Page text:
LifeAfterDx--Diabetes Uncensored

A internet journal from one of the first T1 Diabetics to use continuous glucose monitoring. Copyright 2005, 2006, 2007, 2008, 2009, 2010, 2011, 2012, 2013, 2014, 2015, 2016

My Photo
Location: New Mexico, United States

Hi! I’m William “Lee” Dubois (called either Wil or Lee, depending what part of the internet you’re on). I’m a diabetes columnist and the author of four books about diabetes that have collectively won 16 national and international book awards. (Hey, if you can’t brag about yourself on your own blog, where can you??) I have the great good fortune to pen the edgy Dear Abby-style advice column every Saturday at Diabetes Mine; write the Diabetes Simplified column for dLife; and am one of the ShareCare diabetes experts. My work also appears in Diabetic Living and Diabetes Self-Management magazines. In addition to writing, I’ve spent the last half-dozen years running the diabetes education program for a rural non-profit clinic in the mountains of New Mexico. Don’t worry, I’ll get some rest after the cure. LifeAfterDx is my personal home base, where I get to say what and how I feel about diabetes and… you know… life, free from the red pens of editors (all of whom I adore, of course!).

Friday, November 27, 2009

In defense of the f-word

So I’ve been getting a lot of flak about my language recently. Not about my in-person language, which could be a lot better. And not about my language in my blog, where cursing seems more socially acceptable; but in my books. Well, specifically in one book: The Born-Again Diabetic.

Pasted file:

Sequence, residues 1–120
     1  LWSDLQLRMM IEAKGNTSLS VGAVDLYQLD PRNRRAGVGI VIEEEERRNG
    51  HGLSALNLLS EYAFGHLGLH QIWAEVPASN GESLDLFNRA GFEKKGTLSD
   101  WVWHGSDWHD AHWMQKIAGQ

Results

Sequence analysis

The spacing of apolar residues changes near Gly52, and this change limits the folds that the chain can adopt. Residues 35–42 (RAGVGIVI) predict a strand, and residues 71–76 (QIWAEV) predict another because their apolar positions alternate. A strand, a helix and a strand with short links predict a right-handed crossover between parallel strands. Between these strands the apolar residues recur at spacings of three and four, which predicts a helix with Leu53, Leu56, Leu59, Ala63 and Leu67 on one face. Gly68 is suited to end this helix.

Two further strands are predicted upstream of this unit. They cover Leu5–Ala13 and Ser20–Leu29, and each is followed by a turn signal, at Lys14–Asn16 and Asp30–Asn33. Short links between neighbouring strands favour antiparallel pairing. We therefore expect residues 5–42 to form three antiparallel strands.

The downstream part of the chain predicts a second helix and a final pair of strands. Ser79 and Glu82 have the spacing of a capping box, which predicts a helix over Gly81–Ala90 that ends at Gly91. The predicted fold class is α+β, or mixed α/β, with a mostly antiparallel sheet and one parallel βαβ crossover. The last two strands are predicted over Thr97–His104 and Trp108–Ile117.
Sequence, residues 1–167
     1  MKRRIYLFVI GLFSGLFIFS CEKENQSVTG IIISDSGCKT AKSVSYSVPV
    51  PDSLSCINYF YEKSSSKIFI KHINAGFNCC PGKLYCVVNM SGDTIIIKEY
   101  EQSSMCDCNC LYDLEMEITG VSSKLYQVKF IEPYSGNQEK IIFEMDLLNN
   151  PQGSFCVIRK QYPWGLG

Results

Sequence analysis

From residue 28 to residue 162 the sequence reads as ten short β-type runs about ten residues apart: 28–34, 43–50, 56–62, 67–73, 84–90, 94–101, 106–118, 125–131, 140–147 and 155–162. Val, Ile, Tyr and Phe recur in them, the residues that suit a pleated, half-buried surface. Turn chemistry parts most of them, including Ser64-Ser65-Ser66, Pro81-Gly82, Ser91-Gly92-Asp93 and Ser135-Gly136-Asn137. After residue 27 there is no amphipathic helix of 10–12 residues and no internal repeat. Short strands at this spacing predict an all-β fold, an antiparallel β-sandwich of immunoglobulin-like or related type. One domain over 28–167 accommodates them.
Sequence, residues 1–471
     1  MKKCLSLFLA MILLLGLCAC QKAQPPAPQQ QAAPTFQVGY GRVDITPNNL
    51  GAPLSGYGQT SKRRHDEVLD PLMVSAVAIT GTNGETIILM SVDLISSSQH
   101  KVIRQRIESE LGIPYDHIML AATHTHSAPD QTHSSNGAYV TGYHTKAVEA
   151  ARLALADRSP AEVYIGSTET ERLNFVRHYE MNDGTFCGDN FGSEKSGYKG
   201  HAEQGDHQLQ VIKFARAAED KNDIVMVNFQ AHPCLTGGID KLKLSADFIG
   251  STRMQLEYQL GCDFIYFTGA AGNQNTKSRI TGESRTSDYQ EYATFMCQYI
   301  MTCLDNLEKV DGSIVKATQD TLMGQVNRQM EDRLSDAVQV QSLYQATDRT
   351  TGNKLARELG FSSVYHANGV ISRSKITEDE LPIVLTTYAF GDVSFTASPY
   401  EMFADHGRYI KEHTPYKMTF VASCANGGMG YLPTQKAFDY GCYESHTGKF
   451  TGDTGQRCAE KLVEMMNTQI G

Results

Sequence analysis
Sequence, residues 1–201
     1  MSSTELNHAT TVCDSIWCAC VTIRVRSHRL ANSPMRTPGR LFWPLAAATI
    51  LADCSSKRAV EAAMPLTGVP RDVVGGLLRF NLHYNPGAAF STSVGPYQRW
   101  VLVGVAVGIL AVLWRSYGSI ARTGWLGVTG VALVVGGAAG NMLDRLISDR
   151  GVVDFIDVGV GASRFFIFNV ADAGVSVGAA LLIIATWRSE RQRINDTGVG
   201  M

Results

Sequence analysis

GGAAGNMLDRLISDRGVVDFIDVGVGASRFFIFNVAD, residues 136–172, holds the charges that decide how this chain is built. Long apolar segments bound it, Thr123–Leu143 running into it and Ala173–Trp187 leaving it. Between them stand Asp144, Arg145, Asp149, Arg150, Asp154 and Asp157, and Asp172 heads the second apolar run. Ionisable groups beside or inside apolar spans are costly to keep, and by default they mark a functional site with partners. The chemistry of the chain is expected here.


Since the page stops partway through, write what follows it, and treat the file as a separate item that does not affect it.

The fact that I dared to use the f-word in a hard-cover book has ruffled a lot of feathers. Apparently, in some circles, this is regarded as a mortal sin. In fact, one entire department of the University of New Mexico has banned my book because of its use of “problematic language.” This is balanced by a more enlightened department who uses it as a textbook for the class “Perspectives in Diabetes,” where I’m told it gets rave reviews from the students.

Ironically, all of this fuss about my use of the f-word might lead you to believe that I’ve used it on every page, like some sort of drunk late night comedian or a radio shock-jock. So here is the trivia question: does anyone know how many times the f-word is used in The Born-again Diabetic?

Four times. Yep. All this fuss over fuck, fuck, fuck, fuck. Who would have thought that the use of 16 letters in a book of over 50,000 words would cause such a crisis? (Well, OK, it also appears in the glossary once, and twice more when quoting someone else; but I only used it in the text four times.)

Let us look at this logically, clinically. Who swears? Sailors. Soldiers. Lumberjacks. What do they have in common? They are bands of people who face danger together. Is it any surprise that diabetics, especially Type-1s, would also talk like soldiers? Diabetes is trench warfare--dirty, gritty, hand-to-hand combat. People who do not live and suffer with it will never understand it.

So this swearing is all good and fine when chatting with our fellow fighters, and on the wild-and-wooly internet. But why swear in a hard cover book? Do my critics think that I am really that careless of a writer? Now that does insult me! In person, and on my blog, I may be careless in my choice of words. But this is not true of my book writing. Each and every word is carefully chosen and carefully placed, for either strategic or tactical reasons. And that includes my four uses of the f-word. Re-read the book. Or if you have never read it because you are afraid that 16 letters will corrupt your mind, I urge you to read me before you judge me. I believe it was Mozart who said “I am a vulgar man, but I assure you, my music is not!” I did not use the f-word for no reason. Every where it appears there is a good reason for it to be there.